NREL Provides First-of-its-Kind Guidance Promoting Safety Standards for Natural Gas Vehicle Maintenance Facilities
Dec. 1, 2017
The U.S. Department of Energy’s National Renewable Energy Laboratory (NREL) offers guidance for compressed natural gas vehicle maintenance facilities with a new handbook and webinar that outline safety factors and standards.
Colorado-based Redmark CNG Services, is a maintenance facility which specializes in converting traditional gasoline-powered vehicles to operate on compressed natural gas (CNG). A CNG fuel tank is located in the bed of a pickup truck converted from gasoline to CNG. (Amy Glickson/NREL 44912)
Since the start, compressed natural gas (CNG) vehicles have maintained an impressive safety record, with stringent industry codes and standards to govern fuel use. While industry information regarding CNG vehicle maintenance facility safety requirements exists, until now it has been difficult for fleets to locate and decipher. To combat this and ensure the safety of people working on CNG vehicles, NREL worked with industry partners to publish the Compressed Natural Gas Vehicle Maintenance Facility Modifications Handbook, a first-of-its-kind guidance document that covers all aspects of indoor CNG vehicle maintenance facility considerations. NREL is hosting a webinar on Thursday, Dec. 7 from 10 to 11 a.m. MST that will cover topics included in the handbook and how to put this guidance to use.
All fuels have an explosion or fire potential if specific conditions are present, but facilities that maintain CNG vehicles are faced with a different set of safety challenges than facilities dealing with the conventional spill risks related to liquid fuels, such as gasoline and diesel. Because natural gas is lighter than air and rises to the ceiling, facilities that handle CNG must be designed differently to account for the unique properties of natural gas and protect against ignition of gas releases.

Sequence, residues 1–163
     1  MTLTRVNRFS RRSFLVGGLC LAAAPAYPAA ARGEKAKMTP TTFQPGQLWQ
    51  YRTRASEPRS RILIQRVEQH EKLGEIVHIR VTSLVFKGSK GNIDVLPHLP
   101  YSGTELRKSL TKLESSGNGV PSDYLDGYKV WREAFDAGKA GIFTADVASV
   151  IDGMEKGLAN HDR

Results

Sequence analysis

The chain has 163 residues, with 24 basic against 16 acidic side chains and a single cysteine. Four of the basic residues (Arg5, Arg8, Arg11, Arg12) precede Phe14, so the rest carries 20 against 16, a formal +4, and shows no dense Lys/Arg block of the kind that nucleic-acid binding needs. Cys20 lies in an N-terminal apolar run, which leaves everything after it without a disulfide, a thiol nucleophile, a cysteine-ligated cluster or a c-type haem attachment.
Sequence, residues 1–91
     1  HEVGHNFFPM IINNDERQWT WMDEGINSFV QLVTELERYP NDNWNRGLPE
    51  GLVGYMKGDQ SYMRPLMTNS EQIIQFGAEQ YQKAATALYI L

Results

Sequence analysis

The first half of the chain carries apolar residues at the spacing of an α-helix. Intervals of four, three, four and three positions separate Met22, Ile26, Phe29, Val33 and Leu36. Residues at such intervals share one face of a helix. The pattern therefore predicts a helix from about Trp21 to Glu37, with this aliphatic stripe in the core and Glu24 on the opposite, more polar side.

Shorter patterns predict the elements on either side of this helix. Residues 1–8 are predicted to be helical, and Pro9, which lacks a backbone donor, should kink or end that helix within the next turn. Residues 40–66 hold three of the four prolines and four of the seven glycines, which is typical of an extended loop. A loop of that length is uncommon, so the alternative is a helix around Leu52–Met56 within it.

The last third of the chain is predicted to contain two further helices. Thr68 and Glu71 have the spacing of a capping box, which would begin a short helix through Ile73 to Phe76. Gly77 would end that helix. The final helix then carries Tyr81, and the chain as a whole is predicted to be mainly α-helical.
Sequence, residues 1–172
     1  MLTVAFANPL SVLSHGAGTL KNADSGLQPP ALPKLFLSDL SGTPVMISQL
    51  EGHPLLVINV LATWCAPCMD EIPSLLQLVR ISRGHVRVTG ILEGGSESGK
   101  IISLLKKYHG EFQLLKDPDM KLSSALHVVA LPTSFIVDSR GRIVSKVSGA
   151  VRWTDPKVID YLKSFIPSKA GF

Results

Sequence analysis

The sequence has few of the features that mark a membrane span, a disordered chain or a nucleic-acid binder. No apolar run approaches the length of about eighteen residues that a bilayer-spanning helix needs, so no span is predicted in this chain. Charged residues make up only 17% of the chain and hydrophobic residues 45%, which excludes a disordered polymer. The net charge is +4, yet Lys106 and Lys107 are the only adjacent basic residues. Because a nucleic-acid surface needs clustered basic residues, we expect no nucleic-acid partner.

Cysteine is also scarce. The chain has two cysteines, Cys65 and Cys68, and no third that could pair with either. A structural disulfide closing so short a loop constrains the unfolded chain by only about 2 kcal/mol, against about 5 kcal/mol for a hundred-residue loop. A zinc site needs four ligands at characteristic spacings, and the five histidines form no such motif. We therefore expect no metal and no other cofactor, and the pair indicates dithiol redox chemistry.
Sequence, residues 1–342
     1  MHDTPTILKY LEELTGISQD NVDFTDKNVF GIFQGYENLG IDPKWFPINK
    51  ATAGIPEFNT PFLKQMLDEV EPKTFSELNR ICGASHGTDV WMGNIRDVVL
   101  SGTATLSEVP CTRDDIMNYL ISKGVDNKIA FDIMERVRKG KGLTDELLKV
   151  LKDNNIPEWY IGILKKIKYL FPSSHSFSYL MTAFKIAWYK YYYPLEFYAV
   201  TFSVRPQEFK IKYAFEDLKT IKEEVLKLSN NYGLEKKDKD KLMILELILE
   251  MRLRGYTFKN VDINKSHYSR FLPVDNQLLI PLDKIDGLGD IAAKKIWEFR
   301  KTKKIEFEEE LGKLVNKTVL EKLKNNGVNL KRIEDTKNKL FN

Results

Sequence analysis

NREL teamed with Gladstein, Neandross & Associates to develop the handbook and webinar, determining the five primary building attributes—ventilation, paths of migration, space heating, electrical equipment, and methane detection—that should be evaluated for compliance with CNG fuel, as well as other considerations for anyone operating a CNG vehicle maintenance facility. The handbook was created as a resource for fleet and maintenance facility managers who are responsible for maintaining CNG vehicles indoors in existing facilities. It describes how CNG behaves differently than conventional fuels and why facilities need to be designed differently to accommodate CNG-fueled vehicles.
The handbook and webinar are designed to empower managers to evaluate their facilities and understand the physical modifications or changes in operating protocols necessary to be in compliance with CNG codes, as well as establish and maintain effective working relationships with local code officials. NREL experts will be joined by representatives from Gladstein, Neandross & Associates and Sandia National Laboratories in presenting the webinar.
This work was funded by the Vehicle Technologies Office Clean Cities Program in the U.S. Department of Energy’s Office of Energy Efficiency and Renewable Energy.
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